Vallejo police video of Sean Monterrosa case doesn't show him prior to shooting

Vallejo police on Wednesday released body-cam video and police dispatch audio in the June 2 fatal police shooting of Sean Monterrosa.

The video shows an officer spraying bullets from a rifle from the back seat of an unmarked police truck as it arrives at a looted Walgreens on Redwood Street. However, the angles captured by police and released do not show Monterrosa prior to the shooting.


At a news conference, Vallejo Police Chief Shawny Williams said the investigation of this case is ongoing and that they are releasing as much information as they can to the public. 

They have not named the 18-year-veteran detective, who discharged his weapon in this case, as a result of a temporary restraining order granted by a judge on behalf of the Vallejo Police Officers' Association and the officer involved. 

"There is a narrative being put out there that the body-worn cameras were not on. This is not accurate. All the body-worn cameras of the officers in the pickup truck were on," said Williams. 

A police captain in an unmarked SUV and three detectives in an unmarked pickup truck responded to reports of looting at the Walgreens just after midnight the night Monterrosa, 22, was shot. 

Police said the pickup truck did not have an in-car camera. The angles shown in the video are largely hindered by the confines of the vehicle's interior. 

Police said they perceived what they thought was Monterrosa reaching for the butt of a gun while he was crouched in a half-kneeling position and reached for his waistband. The object turned out to be a 15-inch hammer.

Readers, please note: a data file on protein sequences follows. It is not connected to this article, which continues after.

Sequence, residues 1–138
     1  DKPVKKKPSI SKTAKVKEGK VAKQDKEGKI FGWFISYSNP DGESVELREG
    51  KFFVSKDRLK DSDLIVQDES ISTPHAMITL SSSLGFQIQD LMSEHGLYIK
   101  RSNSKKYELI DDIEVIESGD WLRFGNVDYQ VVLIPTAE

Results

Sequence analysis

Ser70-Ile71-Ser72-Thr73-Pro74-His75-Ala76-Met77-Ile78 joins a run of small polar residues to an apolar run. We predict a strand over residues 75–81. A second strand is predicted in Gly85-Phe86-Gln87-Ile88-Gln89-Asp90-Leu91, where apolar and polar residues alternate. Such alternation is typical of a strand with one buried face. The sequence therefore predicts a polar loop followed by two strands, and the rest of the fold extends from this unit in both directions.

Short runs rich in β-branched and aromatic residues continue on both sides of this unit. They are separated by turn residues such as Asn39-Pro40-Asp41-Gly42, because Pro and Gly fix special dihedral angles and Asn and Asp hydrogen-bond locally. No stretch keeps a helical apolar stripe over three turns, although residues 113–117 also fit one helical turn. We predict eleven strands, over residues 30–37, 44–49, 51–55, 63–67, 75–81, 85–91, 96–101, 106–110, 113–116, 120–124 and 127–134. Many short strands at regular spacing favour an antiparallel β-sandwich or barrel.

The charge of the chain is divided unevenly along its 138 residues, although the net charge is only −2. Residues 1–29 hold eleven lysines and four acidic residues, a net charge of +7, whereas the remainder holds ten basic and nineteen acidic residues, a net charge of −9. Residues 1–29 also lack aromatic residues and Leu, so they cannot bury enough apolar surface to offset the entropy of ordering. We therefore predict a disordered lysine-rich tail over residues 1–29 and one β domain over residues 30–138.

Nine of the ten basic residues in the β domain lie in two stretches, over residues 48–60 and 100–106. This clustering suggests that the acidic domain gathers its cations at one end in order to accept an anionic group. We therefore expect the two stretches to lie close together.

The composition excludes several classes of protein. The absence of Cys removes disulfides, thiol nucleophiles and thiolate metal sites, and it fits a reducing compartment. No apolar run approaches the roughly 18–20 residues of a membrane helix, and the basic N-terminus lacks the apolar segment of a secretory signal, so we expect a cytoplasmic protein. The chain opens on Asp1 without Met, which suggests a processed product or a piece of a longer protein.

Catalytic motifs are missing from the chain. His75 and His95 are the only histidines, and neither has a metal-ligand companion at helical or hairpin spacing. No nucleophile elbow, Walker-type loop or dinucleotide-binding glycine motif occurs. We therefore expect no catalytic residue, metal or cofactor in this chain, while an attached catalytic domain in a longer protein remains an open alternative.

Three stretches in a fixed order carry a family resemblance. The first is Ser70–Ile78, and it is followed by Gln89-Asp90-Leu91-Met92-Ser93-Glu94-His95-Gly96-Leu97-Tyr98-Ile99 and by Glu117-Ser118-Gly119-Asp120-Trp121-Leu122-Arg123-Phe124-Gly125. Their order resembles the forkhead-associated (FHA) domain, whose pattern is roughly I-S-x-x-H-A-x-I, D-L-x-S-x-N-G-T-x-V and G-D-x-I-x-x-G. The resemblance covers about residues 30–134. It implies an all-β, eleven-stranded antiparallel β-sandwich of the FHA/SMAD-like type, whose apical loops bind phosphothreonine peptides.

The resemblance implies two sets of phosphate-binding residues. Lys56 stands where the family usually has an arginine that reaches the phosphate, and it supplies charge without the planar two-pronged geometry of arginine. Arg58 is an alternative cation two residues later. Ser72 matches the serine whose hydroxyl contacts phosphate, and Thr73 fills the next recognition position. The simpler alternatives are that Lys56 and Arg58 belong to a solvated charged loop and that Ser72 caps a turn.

In the dispatch audio police can be heard saying "shots fired" and "suspect down". The captain can be heard saying his SUV was rammed by another vehicle and that it sustained "heavy damage." 

When body-cam audio kicks in, police at the scene with weapons still drawn after the shooting can be heard saying, "he pointed a gun at us." 

Video shows police rendering aid to Monterrosa in the shooting's aftermath. 

“He was struck in the head," Williams said during the news conference, adding that the body-cam video "speaks for itself."

Williams said it would be inappropriate for him to speculate on the case and draw any conclusions as it is an ongoing investigation. 

Police said an exterior security camera at the Walgreens that would have captured the vantage point of the shooting was damaged in prior looting on May 31. They shared a video from that night as part of their presentation. 

Williams said he’s committed to the sanctity of life.  

"My sincere condolences go out to the family. I know it’s a difficult time for them." 

Monterrosa's family accompanied by civil rights attorney John Burris spoke on Wednesday at a separate news conference.

Burris described the events leading up to the shooting. "Who would think that he was going to attack police officers? It's a fabrication. It's a total lie." 

Burris said Chief Williams has adopted the narrative of the police officers' union in this case and has called it a tragedy. 

In addition, they questioned the detective riding in the back seat with an AR-15 rifle.

Monterrosa's family viewed the video prior to its release. His sisters called the police department and Chief Williams liars. They have asked the chief to step down. 

"Until this day our demands were to release the footage. We barely got that today," said Ashley Monterrosa. 

During the simultaneous news conferences, Burris and the family said there was no need to use deadly force in a property crime case. 

The Solano County District Attorney has recused her office from further review of this case and has asked California Attorney General Xavier Becerra's office to investigate. Becerra has declined to do so.